Accessibility tools

Summer safety tips

Our summer safety tips include advice about heat, travel, prams, cycling and water. 

Please visit the safety page to find more advice and tips for keeping your child safe.

sun-in-the-sky.jpgDid you know....?

  • Did you know that sunburn increases your risk of skin cancer? Find out more about sun safety on the NHS website.
  • 146 children were admitted to an NHS burns service experiencing sunburn in 2023. Find out about sun safety by visiting the Children's Burns Trust website.
  • 17% of children 11 and under have experienced ‘painful’ sunburn four or more times in the past two years, whilst 40% have experienced sunburn to some extent in that time. Read more about this research on the Met Office website


  • From March to October: cover up with suitable clothing, spend time in the shade particularly between 11am and 3pm, and use at least SPF30 sunscreen.​

  • Apply sunscreen to areas not protected by clothing such as the face, ears, feet and backs of hands. Children should wear UV sunglasses to protect their eyes.​

  • Sunscreen should be reapplied every 2 hours or after any water activity or sweating.​

  • Sunscreen should also be used on cloudy days as the sun’s rays are still able to get through clouds.

How to deal with sunburn​

  • Sponge sore skin with cool water, then apply soothing after-sun cream or spray such as aloe vera.​

  • Painkillers, such as paracetamol or ibuprofen, will ease the pain by helping to reduce inflammation caused by sunburn.​

  • Stay out of the sun until all signs of redness have gone.​

  • Seek medical help if you feel unwell or the skin swells badly or blisters. 

  • Fine out more about what parents should know about sun and sunburns in children on the JAMA Network website.

water.jpgDid you know...?

31 children and young people aged between 0 and 24 suffered heat-associated deaths in 2023. Read more on the GOV.UK website.

Signs of heat exhaustion in adults and children include:​

  • tiredness​

  • dizziness​

  • headache​

  • feeling sick or being sick​

  • excessive sweating and skin becoming pale and clammy or getting a heat rash, but a change in skin colour can be harder to see on brown and black skin​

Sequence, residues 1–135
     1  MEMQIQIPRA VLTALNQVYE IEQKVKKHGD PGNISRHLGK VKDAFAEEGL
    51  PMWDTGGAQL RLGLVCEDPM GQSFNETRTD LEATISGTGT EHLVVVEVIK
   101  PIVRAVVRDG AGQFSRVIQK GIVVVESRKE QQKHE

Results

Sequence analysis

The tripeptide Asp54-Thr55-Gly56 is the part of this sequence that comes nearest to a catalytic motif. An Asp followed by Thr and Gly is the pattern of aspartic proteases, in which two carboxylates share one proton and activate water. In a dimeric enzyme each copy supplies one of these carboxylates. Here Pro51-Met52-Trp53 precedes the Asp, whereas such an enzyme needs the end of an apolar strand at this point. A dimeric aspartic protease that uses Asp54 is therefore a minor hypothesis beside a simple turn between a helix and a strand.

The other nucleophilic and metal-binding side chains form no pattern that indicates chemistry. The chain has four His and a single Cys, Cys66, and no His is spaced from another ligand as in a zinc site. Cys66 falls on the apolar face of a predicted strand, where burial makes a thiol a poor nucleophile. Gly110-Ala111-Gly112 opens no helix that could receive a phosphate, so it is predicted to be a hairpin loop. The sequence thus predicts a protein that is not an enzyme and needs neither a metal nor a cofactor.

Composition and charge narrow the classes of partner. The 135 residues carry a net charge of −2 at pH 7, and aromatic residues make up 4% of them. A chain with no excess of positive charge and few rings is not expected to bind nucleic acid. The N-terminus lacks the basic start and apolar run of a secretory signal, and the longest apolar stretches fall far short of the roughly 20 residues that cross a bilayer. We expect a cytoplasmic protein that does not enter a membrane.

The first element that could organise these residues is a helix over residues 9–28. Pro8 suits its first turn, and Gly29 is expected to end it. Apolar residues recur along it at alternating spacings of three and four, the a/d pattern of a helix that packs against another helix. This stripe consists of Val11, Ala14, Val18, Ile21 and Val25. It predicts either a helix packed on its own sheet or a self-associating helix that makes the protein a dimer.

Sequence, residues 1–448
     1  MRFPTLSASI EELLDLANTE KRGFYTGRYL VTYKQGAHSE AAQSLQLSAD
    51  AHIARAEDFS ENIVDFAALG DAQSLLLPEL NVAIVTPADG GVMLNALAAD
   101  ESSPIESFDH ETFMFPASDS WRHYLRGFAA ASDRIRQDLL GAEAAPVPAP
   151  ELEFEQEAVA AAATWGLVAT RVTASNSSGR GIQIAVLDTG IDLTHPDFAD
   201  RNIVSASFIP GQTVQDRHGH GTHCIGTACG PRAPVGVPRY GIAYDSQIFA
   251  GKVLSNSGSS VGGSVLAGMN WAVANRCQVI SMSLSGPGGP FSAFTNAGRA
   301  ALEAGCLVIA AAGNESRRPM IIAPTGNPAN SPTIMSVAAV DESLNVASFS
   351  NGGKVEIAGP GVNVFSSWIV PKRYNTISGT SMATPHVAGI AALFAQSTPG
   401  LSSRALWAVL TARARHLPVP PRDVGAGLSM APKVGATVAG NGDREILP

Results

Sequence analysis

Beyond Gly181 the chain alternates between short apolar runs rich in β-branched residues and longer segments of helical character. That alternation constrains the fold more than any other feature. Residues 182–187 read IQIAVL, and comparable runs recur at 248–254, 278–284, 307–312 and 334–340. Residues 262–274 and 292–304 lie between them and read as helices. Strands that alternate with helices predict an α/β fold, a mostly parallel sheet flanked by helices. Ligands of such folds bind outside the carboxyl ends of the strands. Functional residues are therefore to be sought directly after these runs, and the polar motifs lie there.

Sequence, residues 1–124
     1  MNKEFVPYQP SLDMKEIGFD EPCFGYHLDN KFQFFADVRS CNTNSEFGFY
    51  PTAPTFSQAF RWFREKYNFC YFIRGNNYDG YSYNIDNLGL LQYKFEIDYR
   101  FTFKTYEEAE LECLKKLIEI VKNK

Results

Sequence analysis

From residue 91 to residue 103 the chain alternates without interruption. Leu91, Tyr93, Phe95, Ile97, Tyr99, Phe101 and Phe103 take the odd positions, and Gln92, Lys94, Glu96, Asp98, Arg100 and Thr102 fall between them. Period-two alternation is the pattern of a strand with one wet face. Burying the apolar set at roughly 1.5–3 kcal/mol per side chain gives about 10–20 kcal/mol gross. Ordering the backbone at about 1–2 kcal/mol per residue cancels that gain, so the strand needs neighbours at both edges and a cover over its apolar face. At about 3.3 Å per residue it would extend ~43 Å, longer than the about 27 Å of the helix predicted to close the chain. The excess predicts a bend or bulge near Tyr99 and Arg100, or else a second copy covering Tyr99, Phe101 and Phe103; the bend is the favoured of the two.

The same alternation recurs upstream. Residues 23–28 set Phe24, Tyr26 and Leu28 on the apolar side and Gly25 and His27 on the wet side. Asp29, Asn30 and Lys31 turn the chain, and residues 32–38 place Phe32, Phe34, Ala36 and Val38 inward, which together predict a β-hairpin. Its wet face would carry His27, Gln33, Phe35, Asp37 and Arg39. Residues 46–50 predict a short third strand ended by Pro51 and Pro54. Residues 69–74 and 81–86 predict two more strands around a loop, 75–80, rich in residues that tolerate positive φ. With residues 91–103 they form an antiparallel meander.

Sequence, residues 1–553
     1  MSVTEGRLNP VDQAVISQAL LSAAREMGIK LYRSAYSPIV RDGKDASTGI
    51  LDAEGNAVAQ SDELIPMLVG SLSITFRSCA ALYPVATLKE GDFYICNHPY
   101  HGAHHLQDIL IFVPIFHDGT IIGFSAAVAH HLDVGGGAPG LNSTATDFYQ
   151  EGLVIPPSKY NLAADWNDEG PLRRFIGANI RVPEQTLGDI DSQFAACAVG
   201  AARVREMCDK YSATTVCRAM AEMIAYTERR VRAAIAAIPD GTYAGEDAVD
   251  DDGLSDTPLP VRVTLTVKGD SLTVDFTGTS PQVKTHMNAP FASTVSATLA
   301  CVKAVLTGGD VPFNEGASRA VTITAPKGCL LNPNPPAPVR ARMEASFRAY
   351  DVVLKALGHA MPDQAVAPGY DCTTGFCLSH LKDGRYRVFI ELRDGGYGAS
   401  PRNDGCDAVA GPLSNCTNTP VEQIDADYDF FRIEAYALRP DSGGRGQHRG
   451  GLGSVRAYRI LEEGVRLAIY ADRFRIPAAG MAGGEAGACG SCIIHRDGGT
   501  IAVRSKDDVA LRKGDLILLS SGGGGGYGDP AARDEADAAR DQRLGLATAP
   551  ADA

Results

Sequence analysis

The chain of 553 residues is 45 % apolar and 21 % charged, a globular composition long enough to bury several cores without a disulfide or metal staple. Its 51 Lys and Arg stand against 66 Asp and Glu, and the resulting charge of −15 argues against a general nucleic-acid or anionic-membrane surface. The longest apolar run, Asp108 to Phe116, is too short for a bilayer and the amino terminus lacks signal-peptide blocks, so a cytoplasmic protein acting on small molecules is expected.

• cramps in the arms, legs and stomach​

  • fast breathing or heartbeat​

  • a high temperature​

  • being very thirsty​

  • weakness​

  • irritability​


If someone has heat exhaustion, follow these steps:​

  • Move them to a cool place.​

  • Remove all unnecessary clothing like a jacket or socks.​

  • Get them to drink a sports or rehydration drink, or cool water.​

  • Cool their skin – spray or sponge them with cool water and fan them. Cold packs, wrapped in a cloth and put under the armpits or on the neck are good too.​

  • ​Stay with them until they are better.

  • Call 111 if struggling to treat. For more information about heat exhaustion and heatstroke visit the NHS website.

Never leave babies or children in cars​

  • Babies and children are more vulnerable to heat exhaustion and heat stroke because they are less able to regulate their temperatures than adults, making them susceptible to dehydration, heat stroke and exhaustion, which can lead to death .

  • ​A car behaves like a greenhouse as it is surrounded by windows which allow sunlight in but do not let infrared radiation out. This causes the temperature within the enclosed environment of a locked car to rise quickly. The rise in temperature is significant even if the outside temperature is low. For instance, a stationary car can get as hot as 50 degrees Celsius in an hour while the outside temperature is just 26 degrees Celsius.

beach.jpgDid you know...?

  • Almost 50% of all accidental drownings happening in the three summer months.

  • There were 226 accidental fatalities in the UK in 2022. Read more on the Royal Life Saving Society UK website.


  • ​Water is always colder than it looks and, if not properly prepared, can be fatal. Cold water shock kills.
  • Never take an inflatable to the beach. They are too light and you/your child and the inflatable can get very easily blown offshore​.
  • ​Always go to a beach with a lifeguard as almost three quarters of accidental fatalities occur in the absence of professional supervision.​
  • ​Put your mobile phone in a waterproof pouch. You might need it to raise the alarm.​
  • You should not stand less than the height of the cliff away when you’re at the bottom of a cliff face. That means that if the cliff is 25 metres high, do not go closer than 25 metres towards it.
  • Ensure that your children are well supervised.​
  • ​If you get caught in a current, try and swim parallel to the beach until you’re out of trouble then swim to the shore. If you can stand up, wade instead of swimming.​
  • ​If  you need help, call 999 and ask for the Coastguard. Do not assume someone else has made the call. Read more on the HM Coastguard website.


  • If your baby is sleeping in a travel cot the mattresses are often thinner and feel harder but do not be tempted to place folded blankets or a quilt under the baby to make them ‘more comfortable’. Ensure that the travel cot is not against a radiator or in direct sunlight, and that it is out of reach of blind cords and hazards.​